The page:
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Individual Issues

Kelucharan Mohapatra
Issue : 237
Published on : June, 2004



3 Sruti Box

7 News & Notes

13 Obituary

14 A Series For Youngsters

19 Special Feature

43 Music Appreciation Notes

49 The Record Rack

52 Editor's Note

Front Cover: Kelucharan Mohapatra
(Samudri Archives)

Special Feature
Kelucharan Mohapatra

Guru Kelucharan Mohapatra is no more. To think of Odissi without the one who has been its guiding light for the last half a century and more, is like thinking of Hamlet without the Prince of Denmark. The life of the boy from Raghurajpur village in Puri district, born to a humble Patachitra painter Chintamani Mohapatra and his wife Siri Nani, growing up to straddle the world of Odissi like a colossus, reads like a fairy story. Not born to any traditional dance family, Kelucharan did not aspire to gurudom. The mantle fell on him as an earned right with his immeasurable contribution to Odissi.

The turning point in Odissi history came in 1945 when Pankaj Charan Das engaged as the dance teacher by Annapurna B Theatre Group, came into contact with the young Kelucharan Mohapatra, hired as a percussionist by the same theatre group on a monthly salary of fifteen rupees. In an attempt to lure larger audiences, a dance sequence, Mohini Bhasmasura, was choreographed by Guru Pankaj Charan for the play Benami, with the guru himself in the role of the demon, young Laxmipriya the actress who was later on to become the wife of Guru Kelucharan Mohapatra as Mohini and Kelucharan as Siva. This landmark event was to burgeon into an entire movement ushering in a whole new superstructure of Odissi erected on the very scanty remains of what had survived history, involving all the main players in the field like Pankaj Charan Das, Debaprasad Das, Raghunath Dutta, Mayadhar Raut, Kelucharan Mohapatra and Dhiren Patnaik.

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A Series For Youngsters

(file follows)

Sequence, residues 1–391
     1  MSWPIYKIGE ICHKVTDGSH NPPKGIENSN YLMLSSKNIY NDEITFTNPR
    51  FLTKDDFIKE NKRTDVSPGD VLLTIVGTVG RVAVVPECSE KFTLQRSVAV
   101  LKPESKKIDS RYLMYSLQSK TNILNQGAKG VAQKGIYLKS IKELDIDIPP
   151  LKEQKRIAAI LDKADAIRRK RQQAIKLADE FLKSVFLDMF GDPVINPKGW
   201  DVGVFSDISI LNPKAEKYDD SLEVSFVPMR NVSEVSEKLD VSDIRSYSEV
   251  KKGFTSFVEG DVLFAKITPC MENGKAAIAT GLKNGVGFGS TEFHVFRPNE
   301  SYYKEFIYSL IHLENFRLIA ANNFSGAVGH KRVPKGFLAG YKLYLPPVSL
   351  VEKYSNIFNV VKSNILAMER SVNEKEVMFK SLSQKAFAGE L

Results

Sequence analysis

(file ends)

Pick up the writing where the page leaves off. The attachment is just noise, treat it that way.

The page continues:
The Discovery Of Tiruppugazh

Sargam rolled on to her side. She was just recovering from a bad attack of flu and was longing for some entertainment. Suddenly, a bright look flitted across her face. Thunder, her dog, became alert for Sargam's excitement always augured danger for him. He was not wrong. Sargam got down from the bed. "Hey Thunder, get ready to take an IQ test. And if you pass " Sargam did not complete her sentence. She took out a stale biscuit from some corner of the room, showed it to her canine companion and proceeded to hide it, saying, "Thunder, can you find the stuff? It is finder's keepers..." Just then, the door opened to Thunder's rescue. Sargam's attention got diverted. Amma walked in and behind her was Divya, Sargam's friend.

"Di...v...ya " Sargam screamed excitedly, startling Thunder who grumbled, "Oh, these 'educated' humans, don't they realise that my auditory nerves are super sensitive...?" Thunder's thoughts were broken by Amma's voice: "Sargam, Divya has come to spend some time with you. Isn't that sweet of her?"

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News & Notes
Chennai - Felicitations to T.N. Seshagopalan

The disciples of senior vocalist Carnatic T.N. Seshagopalan (TNS) paid rich tribute to their guru on his entering the fiftieth year of his musical career and felicitated him for receiving the Padma Bhushan award this year. The function was held at Narada Gana Sabha's Sathguru Gnanananda Hall on the 5th April in Chennai. That a lot of care and attention to detail had gone into the arrangements was obvious from the smooth conduct of the evening's proceedings, right from the stage decor, prayer song (Jagadguro dayanidhe Sree Sankara Sivaakrite in Athana, a composition of Harikesanallur Muthiah Bhagavatar—the guru of Seshagopalan's guru Sankarasivam), pleasant and competent compering by Soundararajan, the short audio visual clipping, to the specific topics that were given to the speakers in advance.

An audiovisual presentation titled 'A Legend - Timeless in Time' traced the development of the young Gopu into a musician of enviable stature. It was his mother who kindled in him a passion for music from his childhood and taught him the rudiments of music. He used to participate in nama sankeertanam-s, and used to play the harmonium even
at that young age. At that stage even without knowing the grammar of swara-s, he simply reproduced the sounds that he heard. He later came under the expert tutelage of Ramanathapuram Sankarasivam. The master guru recognised the rare talent and gave it the right polish to make it sparkle.

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Komal Kothari

Komal Kothari, the eminent ethno-musicologist and folklorist, died in Jodhpur, Rajasthan on 20th April, 2004 at the age of 75.

Komalda, as he was affectionately known, was of a unique mould in the sphere of his work, nay passion and life-long commitment. He combined scholarship with concerted action, based on pragmatic and 'eco-friendly' strategy. Though the folk singers of Rajasthan constituted the main thrust for his activities, the sweep was much broader, as his approach was integrated. In addition to folk music and musical instruments, his extensive work covered puppetry, textiles and ornaments, theatre forms, epics and deities.

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